Prentice proceeded to recognize Howard Stone, professor of mechanical and aerospace engineering, who is known for drawing parallels between abstract academics and daily life.
Stacy Wolf, professor of theater, received the last award. Wolf asks her students to take responsibility for their learning and has been said to have a lasting impact on their lives.
Prentice proceeded to express appreciation for the faculty members retiring this year.
Eisgruber followed by introducing the candidates for honorary degrees, who were recognized by Associate Dean of the College Khristina Gonzalez.
Among the recipients was former NBA player and prolific writer Kareem Abdul-Jabbar. Abdul-Jabbar was awarded the Presidential Medal of Freedom by former U.S. President Barack Obama in 2016.
“We honor him today as a towering humanitarian,” said Gonzalez.
Following Abdul-Jabbar, Juliet García was presented with the second honorary degree. Garcia, appointed as president of Texas Southmost College in 1986, was the first Mexican-American woman to ever lead a university in the United States. In 1991 she merged TSC with the University of Texas at Brownsville, creating a community university for which she also served as president.
“She created a new pathway for Latina students and their families,” said Gonzalez, adding that she has propelled thousands of students forward.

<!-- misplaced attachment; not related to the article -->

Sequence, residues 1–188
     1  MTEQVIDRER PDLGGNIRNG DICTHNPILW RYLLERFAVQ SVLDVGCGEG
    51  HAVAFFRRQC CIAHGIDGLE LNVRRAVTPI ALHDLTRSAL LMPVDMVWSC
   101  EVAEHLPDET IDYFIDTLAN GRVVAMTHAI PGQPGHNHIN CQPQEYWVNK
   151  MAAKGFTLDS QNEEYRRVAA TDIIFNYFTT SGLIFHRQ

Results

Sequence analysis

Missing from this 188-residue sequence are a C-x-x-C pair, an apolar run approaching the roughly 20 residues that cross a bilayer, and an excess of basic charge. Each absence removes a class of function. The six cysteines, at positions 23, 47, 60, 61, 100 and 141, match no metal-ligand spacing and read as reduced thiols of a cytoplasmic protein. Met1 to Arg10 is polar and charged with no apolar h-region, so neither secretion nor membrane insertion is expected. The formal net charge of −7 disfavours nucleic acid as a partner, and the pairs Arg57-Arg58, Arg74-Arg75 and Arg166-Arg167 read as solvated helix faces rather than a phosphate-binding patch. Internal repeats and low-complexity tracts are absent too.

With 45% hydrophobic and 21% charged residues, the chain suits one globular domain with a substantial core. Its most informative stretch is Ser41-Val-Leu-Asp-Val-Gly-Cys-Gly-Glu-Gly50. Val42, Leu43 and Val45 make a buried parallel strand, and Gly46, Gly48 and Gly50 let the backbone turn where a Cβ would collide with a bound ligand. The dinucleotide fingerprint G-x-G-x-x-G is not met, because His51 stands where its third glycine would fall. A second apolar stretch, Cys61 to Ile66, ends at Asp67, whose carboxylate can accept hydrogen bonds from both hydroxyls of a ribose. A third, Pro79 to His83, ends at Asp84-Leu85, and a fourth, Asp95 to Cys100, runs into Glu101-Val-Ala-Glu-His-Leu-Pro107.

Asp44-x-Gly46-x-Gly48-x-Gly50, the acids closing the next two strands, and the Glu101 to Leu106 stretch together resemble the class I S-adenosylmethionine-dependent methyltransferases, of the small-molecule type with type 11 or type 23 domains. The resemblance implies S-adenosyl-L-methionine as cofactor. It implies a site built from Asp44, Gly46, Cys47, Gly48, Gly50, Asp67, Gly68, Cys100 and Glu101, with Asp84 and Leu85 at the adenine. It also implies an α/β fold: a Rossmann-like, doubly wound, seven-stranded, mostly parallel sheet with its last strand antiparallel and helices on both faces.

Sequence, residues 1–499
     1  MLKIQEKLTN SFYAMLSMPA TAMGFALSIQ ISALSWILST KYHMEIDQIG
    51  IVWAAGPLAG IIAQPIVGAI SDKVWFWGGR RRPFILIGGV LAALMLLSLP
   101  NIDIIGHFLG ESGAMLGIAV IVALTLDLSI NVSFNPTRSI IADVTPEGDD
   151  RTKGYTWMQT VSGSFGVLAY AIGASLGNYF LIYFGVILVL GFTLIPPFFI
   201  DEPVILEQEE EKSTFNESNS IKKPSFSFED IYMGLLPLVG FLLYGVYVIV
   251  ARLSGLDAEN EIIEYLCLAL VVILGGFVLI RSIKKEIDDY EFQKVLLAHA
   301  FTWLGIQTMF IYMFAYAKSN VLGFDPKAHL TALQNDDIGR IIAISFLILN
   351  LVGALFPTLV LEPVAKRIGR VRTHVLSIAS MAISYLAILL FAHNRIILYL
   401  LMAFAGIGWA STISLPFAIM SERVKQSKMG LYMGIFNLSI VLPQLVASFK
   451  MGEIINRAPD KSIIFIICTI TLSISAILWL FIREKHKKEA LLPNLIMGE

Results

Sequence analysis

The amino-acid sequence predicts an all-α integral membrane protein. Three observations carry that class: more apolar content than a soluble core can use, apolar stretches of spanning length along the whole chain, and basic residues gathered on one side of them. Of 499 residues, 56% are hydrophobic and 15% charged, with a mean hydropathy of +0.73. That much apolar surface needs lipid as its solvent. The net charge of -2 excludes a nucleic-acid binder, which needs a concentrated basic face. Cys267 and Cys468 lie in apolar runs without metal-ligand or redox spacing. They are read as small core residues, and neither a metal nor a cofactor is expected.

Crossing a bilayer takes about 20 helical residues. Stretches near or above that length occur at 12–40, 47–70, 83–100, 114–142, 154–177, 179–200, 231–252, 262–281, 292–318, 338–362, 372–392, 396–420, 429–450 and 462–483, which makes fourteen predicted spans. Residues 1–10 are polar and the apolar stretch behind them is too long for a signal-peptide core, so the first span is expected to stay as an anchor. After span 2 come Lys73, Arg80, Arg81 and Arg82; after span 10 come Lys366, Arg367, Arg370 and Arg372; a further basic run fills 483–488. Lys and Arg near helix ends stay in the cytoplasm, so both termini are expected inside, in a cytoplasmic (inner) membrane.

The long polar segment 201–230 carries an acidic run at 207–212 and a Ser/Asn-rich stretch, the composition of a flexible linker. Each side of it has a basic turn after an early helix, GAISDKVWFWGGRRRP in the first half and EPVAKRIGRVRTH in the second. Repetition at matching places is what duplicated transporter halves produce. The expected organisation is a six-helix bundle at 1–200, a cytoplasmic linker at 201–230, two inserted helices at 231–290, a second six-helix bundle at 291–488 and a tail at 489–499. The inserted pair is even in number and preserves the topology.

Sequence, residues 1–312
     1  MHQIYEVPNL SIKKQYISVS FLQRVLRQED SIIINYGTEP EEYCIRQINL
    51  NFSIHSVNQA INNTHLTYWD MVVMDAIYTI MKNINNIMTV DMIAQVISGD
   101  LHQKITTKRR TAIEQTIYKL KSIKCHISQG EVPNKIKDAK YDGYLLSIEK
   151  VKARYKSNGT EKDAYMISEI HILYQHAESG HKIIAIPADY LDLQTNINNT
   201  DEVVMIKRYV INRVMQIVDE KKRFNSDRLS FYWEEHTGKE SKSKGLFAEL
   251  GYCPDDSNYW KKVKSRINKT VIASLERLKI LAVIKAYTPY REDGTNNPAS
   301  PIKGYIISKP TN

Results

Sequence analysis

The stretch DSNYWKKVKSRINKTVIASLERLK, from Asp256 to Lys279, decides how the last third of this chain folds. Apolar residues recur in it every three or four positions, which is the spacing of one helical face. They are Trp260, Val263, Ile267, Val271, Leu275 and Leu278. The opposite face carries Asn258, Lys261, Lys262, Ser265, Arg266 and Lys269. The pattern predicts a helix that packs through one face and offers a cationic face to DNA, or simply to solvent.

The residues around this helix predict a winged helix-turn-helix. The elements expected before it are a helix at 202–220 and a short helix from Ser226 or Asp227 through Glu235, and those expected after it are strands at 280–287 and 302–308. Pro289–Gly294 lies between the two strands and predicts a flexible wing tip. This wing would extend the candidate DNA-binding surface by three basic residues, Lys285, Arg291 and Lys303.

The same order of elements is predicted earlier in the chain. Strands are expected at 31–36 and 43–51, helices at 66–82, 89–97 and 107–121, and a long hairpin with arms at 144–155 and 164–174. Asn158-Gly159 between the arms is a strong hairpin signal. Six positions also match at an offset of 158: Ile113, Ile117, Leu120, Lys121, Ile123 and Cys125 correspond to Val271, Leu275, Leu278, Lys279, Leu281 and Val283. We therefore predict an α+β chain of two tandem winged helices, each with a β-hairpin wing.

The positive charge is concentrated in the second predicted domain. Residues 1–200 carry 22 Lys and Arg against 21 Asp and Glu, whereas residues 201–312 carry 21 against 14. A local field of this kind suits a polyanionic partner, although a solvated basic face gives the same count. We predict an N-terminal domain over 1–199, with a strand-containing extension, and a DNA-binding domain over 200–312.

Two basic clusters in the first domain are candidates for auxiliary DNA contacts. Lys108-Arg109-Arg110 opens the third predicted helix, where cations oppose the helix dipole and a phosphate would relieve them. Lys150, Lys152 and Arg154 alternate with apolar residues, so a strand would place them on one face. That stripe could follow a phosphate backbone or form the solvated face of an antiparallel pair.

The next recipient of an honorary degree was Pamela Matson, who was awarded a degree in science. Matson has worked to preserve the world’s ecosystems and to understand the vulnerability of people to climate change.
Following Matson, Professor Emeritus of Astronomy Jeremiah Ostriker was awarded the next honorary degree. He previously worked as provost of the University, and his research has dramatically expanded our understanding of mass and dark matter.
The honorary degree for the doctor of laws was presented to Bunker Roy, an Indian social activist who founded the Barefoot College. Roy trained professionals in his native India to work in fields such as technology, teaching, and health. In 2010, he was named one of Time magazine’s most influential people in the world.
After the honorary degrees were awarded, Eisgruber proceeded to deliver his concluding remarks to the graduating class. He explained that he unfortunately did not remember the speech delivered to his own graduating class, delivered by then University president Bill Bowen GS ’58. After rereading the speech, Eisgruber reflected on the commitment to service emphasized then, and how such a commitment remains important today.
He underscored the empathy needed in today’s day and age, particularly in order to overcome the difficult politics and disagreements characteristic of the time. Faith in institutions remains crucial as a willingness to connect and collaborate, he said.
“I wish you. above all else. a measure of Bill’s indefatigable optimism, of the conviction that we can and must work together to improve the world, and that learning, teaching, and the pursuit of knowledge are an essential part of what it takes to do good,” Eisgruber concluded.
Following his remarks, Associate Dean of Religious Life Rev. Theresa Thames delivered the closing benediction, and the graduates then joined together to sing “Old Nassau,” the last exercise of the graduation ceremony.
To represent their entering into the world from college, the seniors walked out of the wrought-iron FitzRandolph Gate away from Nassau Hall.